What our execs are reading: Stacie Dashiell, AVP of Global Services

Welcome back to the What our execs are reading series, where the leaders of our business share what has inspired them in the past, or what is currently guiding them.

This time, we hear from Stacie Dashiell, AVP of Global Services at Hyland.


Embracing change

As I am sure is the case with others, I sometimes find myself with multiple unfinished books on my nightstand or in my office.

I am partially through Managing at the Speed of Change, by Daryl R. Conner. I started reading it in the interest of helping my teams through fast-paced changes that – while we all acknowledge are necessary and desirable – can also sometimes be challenging. The author addresses the human side of the fast-paced changes that we all face.

One of the key takeaways from the book is the author’s statement that “the single most important factor to managing change successfully is the degree to which people demonstrate resilience: the capacity to absorb high levels of change while displaying minimal dysfunctional behavior.”

Conner then discusses techniques for managing any dysfunctional behaviors that do appear.

Life throws challenges but with patience and resilience, you can convert every challenge into a new opportunity to grow.

– Amit Ray

Organizational resiliency is the key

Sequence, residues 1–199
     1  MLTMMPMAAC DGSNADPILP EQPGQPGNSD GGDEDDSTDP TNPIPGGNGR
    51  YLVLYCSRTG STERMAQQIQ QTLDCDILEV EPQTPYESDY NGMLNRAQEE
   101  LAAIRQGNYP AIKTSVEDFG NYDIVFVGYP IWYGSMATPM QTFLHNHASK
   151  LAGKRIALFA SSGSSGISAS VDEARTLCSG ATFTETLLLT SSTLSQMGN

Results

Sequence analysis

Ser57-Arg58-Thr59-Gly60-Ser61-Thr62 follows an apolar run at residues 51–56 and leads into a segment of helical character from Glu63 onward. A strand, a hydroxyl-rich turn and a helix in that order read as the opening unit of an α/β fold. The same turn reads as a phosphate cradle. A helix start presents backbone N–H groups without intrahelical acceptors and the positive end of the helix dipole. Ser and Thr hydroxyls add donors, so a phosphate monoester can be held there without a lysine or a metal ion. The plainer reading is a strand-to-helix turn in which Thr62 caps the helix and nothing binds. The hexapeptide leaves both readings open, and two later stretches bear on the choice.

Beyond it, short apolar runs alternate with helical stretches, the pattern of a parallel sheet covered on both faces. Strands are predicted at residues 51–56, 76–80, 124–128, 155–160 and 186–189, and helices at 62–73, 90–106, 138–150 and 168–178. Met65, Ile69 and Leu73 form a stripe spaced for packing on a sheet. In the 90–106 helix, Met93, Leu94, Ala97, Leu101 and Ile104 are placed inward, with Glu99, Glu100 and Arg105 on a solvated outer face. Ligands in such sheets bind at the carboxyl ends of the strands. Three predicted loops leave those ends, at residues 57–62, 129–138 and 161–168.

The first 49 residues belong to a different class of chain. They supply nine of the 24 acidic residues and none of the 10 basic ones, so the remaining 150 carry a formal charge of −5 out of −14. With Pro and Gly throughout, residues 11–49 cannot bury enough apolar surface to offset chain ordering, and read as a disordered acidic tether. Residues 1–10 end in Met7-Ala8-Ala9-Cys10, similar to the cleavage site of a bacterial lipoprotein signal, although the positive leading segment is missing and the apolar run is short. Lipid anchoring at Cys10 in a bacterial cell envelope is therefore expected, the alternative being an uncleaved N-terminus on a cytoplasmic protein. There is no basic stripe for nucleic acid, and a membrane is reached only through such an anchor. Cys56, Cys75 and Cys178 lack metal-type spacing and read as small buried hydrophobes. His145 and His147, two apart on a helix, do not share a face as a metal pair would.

Lately, I have also been reading more specifically about leading through these unprecedented times that we are facing, and all the associated challenges for people related to even more change. I have found some Harvard Business Review articles on the subject to be helpful.

One, entitled Build Your Team’s Resilience – From Home struck me because of that word “resilience” again, which was a prominent focus of the book I had been reading.

One thing I walked away with was that in these changing and sometimes challenging times, resilient teams will learn to improvise in how they work together, approach problems, and look for solutions.

In a book called Crucibles of Leadership Robert J. Thomas described a resilient approach he called “reframing the tension.” With this approach, employees focus on the learning opportunities that lie within adversity, rather than despite the adversity.

We need to be realistic about the challenges that we are facing, but instead of looking at them as obstacles, we need to look at new ways to approach things. We need organizational resilience.

It is more important than ever that we work together – yes, even while working remotely – to rise to the occasion. If we do, there is a good chance we will emerge from these challenging times much stronger as individuals and as teams.

See you next time!

Thanks for stopping by. We’ll be back soon.

In the meantime, let us know what you’re reading!

The Hyland Blog

The Hyland Blog

... read more about: The Hyland Blog

Leave a Reply

Your email address will not be published. Required fields are marked *

This site uses Akismet to reduce spam. Learn how your comment data is processed.